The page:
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Recontribution opportunity opened up

super recontributions

Changes to contribution rules have a created a gap in which early retirees may be able to make super recontributions without restrictions.

The lack of alignment between changes to the work test for voluntary concessional contributions and superannuation preservation age has created a gap where those in the first stages of retirement may be able to make super recontributions unavailable to them before age 65.

Heffron managing director Meg Heffron said if bring-forward contribution rule changes currently before parliament are introduced, and backdated to 1 July 2020 to be in line with the work test changes, retirees aged 65 and 66 will be able to withdraw super under existing preservation rules and recontribute it without restrictions.

Speaking as part of the recent SMSF Association Technical Day 2020, Heffron pointed out the preservation age has remained at 65 even for those in some form of employment.

“Age 65 has always been a golden day for preservation rules, because even someone working full-time can access their superannuation at that point and a transition-to-retirement income stream automatically becomes a retirement-phase pension at that point too,” she said.

“Given we had no change to preservation rules, but change to contribution rules, essentially people who are 65 and 66 are in a weird position where they can take money out and also put it back in without worrying about retirement or working.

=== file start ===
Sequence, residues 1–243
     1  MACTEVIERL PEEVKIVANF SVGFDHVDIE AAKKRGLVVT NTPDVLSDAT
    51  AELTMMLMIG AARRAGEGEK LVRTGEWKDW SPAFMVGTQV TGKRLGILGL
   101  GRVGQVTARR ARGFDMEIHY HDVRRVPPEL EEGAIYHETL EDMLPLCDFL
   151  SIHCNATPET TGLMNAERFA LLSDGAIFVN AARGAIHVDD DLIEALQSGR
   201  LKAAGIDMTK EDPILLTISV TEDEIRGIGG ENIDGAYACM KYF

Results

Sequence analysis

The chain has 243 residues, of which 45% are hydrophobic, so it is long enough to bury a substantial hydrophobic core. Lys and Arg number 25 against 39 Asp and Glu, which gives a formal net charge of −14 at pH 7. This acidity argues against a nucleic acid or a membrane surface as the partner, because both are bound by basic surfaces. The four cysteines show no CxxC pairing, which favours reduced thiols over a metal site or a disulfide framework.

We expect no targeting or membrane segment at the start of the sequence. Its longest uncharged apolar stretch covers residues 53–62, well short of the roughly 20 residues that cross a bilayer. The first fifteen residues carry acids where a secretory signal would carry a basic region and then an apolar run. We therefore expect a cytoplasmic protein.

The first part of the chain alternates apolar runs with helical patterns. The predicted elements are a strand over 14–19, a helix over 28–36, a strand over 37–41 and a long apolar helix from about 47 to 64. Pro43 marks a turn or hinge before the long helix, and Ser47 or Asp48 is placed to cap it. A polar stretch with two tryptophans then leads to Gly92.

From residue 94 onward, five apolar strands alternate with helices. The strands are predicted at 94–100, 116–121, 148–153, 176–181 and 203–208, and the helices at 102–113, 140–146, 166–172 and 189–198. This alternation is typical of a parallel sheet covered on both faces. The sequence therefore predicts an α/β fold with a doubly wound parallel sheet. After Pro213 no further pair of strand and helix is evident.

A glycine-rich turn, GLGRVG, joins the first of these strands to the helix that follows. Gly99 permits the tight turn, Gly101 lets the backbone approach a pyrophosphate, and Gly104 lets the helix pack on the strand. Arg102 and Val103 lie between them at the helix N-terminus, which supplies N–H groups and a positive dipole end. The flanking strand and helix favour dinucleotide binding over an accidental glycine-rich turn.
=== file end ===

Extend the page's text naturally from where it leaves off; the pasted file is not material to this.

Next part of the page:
“If the changes align, we will be in a funny spot where anyone aged 65 or 66 could be thinking about a recontribution strategy.”

She pointed out this gap was dependent on the bring-forward contribution rules being introduced and backdated, which would create the two-year period in which retirees could start a bring-forward contribution and not have to meet a work test.

“As the law stands, the last time when you can initiate a bring-forward contribution is the end of year in which someone turns 65. The work test is now up to 67, but the last point in time to trigger that bring forward is the end of that financial year.

“After that point in time you can still finish off the contribution, so someone can put in more than $100,000 in the year they turn 66 because they triggered the bring forward in the previous year and are currently finishing it off.

“However, if the work test and bring-forward rules align, it will be from the 67th birthday that people have to meet the work test, but they can still start a bring forward until end of that financial year and finish off in the subsequent two years.”

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